Making a Typeface Ch 1: My Handwriting Sucks

And yet, I’m drawing a typeface.

In the third grade, I was made fun of because my handwriting sucks. And it still does. I passed the “letter” quizzes with flying colors but I never drew letters to be legible afterwards. For me, writing was memorizing. I remember things not by what they read, but by what my pencil does while I think. I don’t actually draw words sometimes. I draw squiggles!

To this day people laugh at my handwriting. Every class assignment was “Mitchell, just type it. Nobody can read what you hand write.”

When I do type on a computer, I try to go above and beyond by picking heavily crafted typefaces and avoiding Times New Roman or Arial as defaults. My work deserves better than boring, inadequate typefaces that have been seemingly dated. They are OK, but there has to be better typefaces out there. I don’t want my work to be as good as the next person. I want it to be better. This is why I am drawing my own typeface.

And as every hip designer these days, I thought it would be awesome to share my journey from start to finish with you via Medium. I was not entirely sure you’d appreciate this so I asked Twitter. The response seemed positive!

Surprisingly, I had a few mentions and a few favorites.

Therefore, I intend on writing an article update every 2 weeks or so about my progress. I’ll be writing from the perspective of a total n00b, a novice in this big ol’ type world. This series of articles should be examined as such — I have no prior typeface experience, I have done the minimum research to get started, and I just really want to make something I can use. I also won’t be explaining what every word means (unless you want me to!) because I want to dive way deep into my thoughts and little dilemmas which I counter (joke alert). You will hear me rage. You will see me cry. And you will laugh if you think it’s funny that I basically talk to myself.

I’ll add resource links at the bottom of each article that can maybe clarify lexicons and things I write.

I hope you enjoy what I have to say! Please leave suggestions and tips or corrections along the way. I don’t always expect to be write (Get it? It’s another type of joke).

Huge shoutout to Mary Catherine Pflug for motivating me a few months back to do this! Check out some of her work.

Fig 2: My name starts with an M, so I better draw that letter perfect.

My goal is to create a Humanist Neo-Grotesque Typeface over the course of 15 weeks. Why this particular typeface? I’ve taken more interest in things I’m very very bad at. Up next on my list is illustration, but for now let’s stick to type. I want the letters to be slightly condensed, have a tall x-height, have large counters, and use less varying strokes with simplified forms.

I hear some of those aspects increase legibility and who wouldn’t want that?

Making it legible and readable on screens is definitely a key aspect. Having it also seem elegant and robust would be admirable.

Since I only have 15 weeks (and I’m already on week 5), I intend on completing a set of regular–book–normal–whatever weight for uppercase and lowercase letters. I’m not sure which of those to identify it as, so we will just stick to Regular since I come across this most and many of you understand it’s meaning.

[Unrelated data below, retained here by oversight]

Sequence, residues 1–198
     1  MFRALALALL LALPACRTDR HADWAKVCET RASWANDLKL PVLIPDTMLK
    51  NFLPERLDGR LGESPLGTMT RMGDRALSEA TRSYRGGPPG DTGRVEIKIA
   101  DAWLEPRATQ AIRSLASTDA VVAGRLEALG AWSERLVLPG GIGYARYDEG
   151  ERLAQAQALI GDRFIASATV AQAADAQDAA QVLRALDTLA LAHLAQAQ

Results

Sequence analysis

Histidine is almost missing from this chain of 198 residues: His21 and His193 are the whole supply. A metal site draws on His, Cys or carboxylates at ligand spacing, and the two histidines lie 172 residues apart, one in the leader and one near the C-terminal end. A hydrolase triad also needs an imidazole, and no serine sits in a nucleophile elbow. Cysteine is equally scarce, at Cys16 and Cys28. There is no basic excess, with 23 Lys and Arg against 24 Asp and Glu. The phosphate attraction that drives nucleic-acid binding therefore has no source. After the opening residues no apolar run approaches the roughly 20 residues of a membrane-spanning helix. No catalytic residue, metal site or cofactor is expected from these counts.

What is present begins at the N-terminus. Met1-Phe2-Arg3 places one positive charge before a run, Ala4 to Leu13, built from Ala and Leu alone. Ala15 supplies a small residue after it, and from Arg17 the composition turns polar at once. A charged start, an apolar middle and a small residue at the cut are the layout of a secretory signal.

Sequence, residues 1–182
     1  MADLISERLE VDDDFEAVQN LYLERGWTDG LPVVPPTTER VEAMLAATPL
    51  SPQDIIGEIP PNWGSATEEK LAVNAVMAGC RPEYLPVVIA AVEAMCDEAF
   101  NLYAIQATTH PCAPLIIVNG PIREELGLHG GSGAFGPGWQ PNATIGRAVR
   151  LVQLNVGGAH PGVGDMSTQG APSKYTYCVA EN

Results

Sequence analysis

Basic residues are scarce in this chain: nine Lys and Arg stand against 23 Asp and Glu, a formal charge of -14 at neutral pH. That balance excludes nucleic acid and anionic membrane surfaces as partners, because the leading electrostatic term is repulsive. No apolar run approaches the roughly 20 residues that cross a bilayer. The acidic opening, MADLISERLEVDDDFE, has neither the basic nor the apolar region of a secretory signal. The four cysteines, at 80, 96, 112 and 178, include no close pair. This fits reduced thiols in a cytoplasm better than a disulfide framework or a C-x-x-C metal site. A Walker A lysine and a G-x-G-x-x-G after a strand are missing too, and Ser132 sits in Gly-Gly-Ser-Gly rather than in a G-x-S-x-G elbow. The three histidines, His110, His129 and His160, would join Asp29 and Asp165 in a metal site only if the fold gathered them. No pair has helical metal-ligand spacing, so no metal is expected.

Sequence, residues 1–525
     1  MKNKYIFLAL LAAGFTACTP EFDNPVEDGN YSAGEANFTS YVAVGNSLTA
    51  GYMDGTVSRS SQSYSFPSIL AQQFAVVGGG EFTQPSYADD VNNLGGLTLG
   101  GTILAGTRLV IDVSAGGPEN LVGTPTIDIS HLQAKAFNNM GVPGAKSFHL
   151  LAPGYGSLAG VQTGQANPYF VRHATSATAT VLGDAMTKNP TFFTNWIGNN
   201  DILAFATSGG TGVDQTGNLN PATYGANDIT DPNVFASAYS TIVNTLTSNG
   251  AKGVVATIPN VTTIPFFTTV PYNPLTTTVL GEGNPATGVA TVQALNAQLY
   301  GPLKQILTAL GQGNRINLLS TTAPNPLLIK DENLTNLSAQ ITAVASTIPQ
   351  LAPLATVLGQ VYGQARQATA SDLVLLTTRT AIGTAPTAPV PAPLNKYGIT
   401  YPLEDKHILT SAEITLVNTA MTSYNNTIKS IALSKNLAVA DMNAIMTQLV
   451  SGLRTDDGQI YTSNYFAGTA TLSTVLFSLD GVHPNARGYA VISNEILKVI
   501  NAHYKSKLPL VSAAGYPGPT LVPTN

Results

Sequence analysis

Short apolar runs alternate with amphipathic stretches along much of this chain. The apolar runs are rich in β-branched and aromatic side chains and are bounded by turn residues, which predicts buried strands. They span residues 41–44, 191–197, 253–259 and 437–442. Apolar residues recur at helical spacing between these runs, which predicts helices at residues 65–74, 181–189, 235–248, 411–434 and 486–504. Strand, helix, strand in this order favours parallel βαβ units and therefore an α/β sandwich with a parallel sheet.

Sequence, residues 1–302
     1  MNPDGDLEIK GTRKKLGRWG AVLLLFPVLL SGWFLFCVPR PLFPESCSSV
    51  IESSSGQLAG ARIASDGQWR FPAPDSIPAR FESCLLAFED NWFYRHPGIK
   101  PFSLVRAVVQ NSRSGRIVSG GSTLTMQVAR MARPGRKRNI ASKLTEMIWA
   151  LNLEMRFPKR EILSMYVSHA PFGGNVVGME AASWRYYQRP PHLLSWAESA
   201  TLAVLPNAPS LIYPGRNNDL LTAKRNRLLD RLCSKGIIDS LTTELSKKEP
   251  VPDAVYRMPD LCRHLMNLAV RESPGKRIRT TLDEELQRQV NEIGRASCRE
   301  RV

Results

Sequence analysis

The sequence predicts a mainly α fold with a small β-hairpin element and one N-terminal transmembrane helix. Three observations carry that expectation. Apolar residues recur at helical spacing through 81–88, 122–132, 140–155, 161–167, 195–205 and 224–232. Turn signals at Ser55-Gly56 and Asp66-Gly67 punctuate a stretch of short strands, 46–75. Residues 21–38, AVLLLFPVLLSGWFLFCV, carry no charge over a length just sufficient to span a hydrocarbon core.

Below are a few other preliminary ideas I had written down.

Warning: the following content contains an amassed void of questions I am still answering. Some are poking subjective qualities while others are asking deep objective questions about typography.

For the M, I really admire how the center vertex doesn’t reach the bottom and stops half way through (like the M in the Johnston typeface) as seen in an image above in figure 2.

Fig 3: Y oh y.

Should the lowercase y’s terminal on the descender curve out or stay straight (figure 3)? I’d assume to match the lowercase l (figure 4)that I wish to make, it should curve like a tail.

In the case of the lowercase l (figure 4), should the stem top reach the cap height, the ascender height, or neither and fall slightly short of capital letters in general?

Fig 4: L stands for?
Fig 5: My sketches brings all the B’s to the notepad. And they’re like, it’s better than yours. Damn right it’s better than yours.

Another big question: Should the bottom of the stem (the foot?) on the lowercase b stay straight, tapper into a funky looking angle (second and third b from the left), or become simplified (forth b from the left). See figure 5. Seemingly enough, the lowercase b is my favorite letter to sketch out so far! Second favorite has to be the lowercase g.

What letters have I learn to despise you ask? Great question! See figure 6.

S is the all time, most annoying, frustrating, insecure letter of the alphabet. It just wants everything its way. Every curve has to be perfect otherwise it will feel neglected, fat, and under appreciated. IM LOOKING AT YOU, S. I HOPE YOU READ THIS-S-S-S.

Fig 6: I really hate S’s. As in the words of my younger sister, “I can’t even”.

Next chapter I’ll dive into more details on what I further pushed and settled on (or didn’t). I’ll be eager to hear what you all have to say in response! Again, any direction would help me in my journey to learn how to make a typeface. Feel free to grab my attention on this article by commenting or by hitting me up on twitter @mitchbernstein.

Until next time, Internet!